Video: Mystery NYC rooftop jumper hops between awnings of building

A viral video showed a man jumping between the awnings of a building in Lower Manhattan, but would you believe the daredevil stunt is all part of his job?

The video showed a man in dress pants and dress shoes on the roof of 90 West Street in the Financial District, jumping from awning to awning before opening a window and going into one of the apartments.

Cinematographer Erik Ljung happened to catch the death-defying run while filming a project in the building across the street. 

"We were in a conference room and the photographer asked me if we might shoot in the room," Ljung said. "And so I stepped to the window to check out the light, see if the clouds were breaking, see if we were going to get direct sunlight in there, and as soon as I looked out, there's this guy jumping from awning to awning."

RELATED: Tree branch hits Jim Cantore during Hurricane Ian report: 'Just give me a minute'

Ljung said the entire thing happened on Monday, just before 10 a.m.

"I was like yo, you guys gotta check this out, this is some weird New York (Expletive) going on," Ljung said.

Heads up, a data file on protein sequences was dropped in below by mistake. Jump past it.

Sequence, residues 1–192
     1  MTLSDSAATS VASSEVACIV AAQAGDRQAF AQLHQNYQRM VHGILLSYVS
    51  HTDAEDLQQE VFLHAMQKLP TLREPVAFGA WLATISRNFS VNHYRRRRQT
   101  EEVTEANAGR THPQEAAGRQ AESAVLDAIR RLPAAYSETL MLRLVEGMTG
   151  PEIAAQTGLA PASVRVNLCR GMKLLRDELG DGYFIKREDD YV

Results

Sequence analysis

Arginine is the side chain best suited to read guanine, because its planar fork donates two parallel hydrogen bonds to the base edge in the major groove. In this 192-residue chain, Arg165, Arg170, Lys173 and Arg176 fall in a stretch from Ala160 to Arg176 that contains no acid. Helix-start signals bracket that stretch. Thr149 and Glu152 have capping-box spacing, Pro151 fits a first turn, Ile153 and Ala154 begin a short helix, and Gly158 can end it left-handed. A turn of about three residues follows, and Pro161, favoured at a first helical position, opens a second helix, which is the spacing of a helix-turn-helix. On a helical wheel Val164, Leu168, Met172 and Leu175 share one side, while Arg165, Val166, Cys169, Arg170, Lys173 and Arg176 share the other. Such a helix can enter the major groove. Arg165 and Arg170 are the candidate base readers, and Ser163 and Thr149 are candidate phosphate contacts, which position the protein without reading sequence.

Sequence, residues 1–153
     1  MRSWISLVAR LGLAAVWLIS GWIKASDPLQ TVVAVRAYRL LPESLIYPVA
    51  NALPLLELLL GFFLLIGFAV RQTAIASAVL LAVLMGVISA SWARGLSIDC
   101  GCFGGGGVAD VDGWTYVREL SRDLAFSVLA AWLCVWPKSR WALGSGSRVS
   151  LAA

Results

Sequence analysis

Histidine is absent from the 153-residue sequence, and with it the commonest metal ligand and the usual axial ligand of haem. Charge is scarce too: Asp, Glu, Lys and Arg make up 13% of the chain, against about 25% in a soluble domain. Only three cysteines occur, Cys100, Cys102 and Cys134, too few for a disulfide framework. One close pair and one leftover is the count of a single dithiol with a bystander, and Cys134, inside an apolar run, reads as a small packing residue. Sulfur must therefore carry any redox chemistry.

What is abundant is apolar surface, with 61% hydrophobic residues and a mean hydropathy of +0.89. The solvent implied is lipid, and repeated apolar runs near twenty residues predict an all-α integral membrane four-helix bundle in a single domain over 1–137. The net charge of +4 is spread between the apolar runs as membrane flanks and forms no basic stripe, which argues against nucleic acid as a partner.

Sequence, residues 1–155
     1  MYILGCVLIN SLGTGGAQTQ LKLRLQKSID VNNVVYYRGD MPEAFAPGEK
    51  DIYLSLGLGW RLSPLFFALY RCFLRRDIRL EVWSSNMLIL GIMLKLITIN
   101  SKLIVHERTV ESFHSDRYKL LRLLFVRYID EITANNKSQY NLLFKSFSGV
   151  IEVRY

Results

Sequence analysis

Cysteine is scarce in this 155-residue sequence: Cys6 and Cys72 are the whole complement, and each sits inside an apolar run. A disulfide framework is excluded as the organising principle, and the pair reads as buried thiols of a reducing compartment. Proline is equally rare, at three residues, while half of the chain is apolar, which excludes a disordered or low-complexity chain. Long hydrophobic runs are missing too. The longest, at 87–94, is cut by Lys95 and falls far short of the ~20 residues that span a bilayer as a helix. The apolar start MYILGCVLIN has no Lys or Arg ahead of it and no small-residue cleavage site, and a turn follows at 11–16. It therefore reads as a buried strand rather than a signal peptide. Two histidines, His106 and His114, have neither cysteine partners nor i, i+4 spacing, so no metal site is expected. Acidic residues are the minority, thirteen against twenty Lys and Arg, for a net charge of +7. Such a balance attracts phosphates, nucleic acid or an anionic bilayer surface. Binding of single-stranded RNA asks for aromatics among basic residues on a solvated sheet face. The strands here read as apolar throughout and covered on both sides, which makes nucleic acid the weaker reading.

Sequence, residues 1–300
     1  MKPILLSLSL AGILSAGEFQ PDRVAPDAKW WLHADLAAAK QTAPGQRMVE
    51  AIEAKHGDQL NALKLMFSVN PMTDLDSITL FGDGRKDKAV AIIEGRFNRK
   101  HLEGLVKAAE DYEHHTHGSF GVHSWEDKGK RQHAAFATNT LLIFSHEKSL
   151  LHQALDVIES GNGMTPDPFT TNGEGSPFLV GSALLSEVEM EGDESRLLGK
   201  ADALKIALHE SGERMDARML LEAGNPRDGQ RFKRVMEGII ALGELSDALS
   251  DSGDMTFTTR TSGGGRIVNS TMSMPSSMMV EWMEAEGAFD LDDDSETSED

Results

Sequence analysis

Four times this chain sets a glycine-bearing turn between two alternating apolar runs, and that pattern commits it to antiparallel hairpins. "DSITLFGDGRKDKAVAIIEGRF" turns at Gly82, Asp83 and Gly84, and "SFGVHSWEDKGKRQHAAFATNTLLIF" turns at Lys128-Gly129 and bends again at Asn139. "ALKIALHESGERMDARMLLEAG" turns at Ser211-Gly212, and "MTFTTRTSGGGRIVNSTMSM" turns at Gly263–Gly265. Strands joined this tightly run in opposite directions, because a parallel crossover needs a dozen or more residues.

But who was the mystery man, and why was he casually jumping across the rooftop?

RELATED: Viral video claims to show family sneaking older child into Disney World using baby stroller

"He looked fairly comfortable out there, and I said ‘This is weird,'" Ljung said. 

Turns out, the man was comfortable up there, because he had been there several times before.

Joseph Smizaski is the name of the man seen in the video, and he is the Director of Operations at Standard Water Proofing, a building restoration service in the Bronx. 

Smizaski says the reason he was on the roof on Monday was because there was a leak, and they had removed part of the scaffolding and were making sure all was good for when the Department of Building Inspector showed up.

"I was on the north side, and it just started to drizzle, so I said let me get out of here before it comes down heavy, so I went across quickly because that was the safest thing to do than going slow, because I felt that if I went too slow it'd be too slippery." Smizaski said. 

Smizaski said he wants people to know that he was being safe and would never put his life or anyone else’s in danger.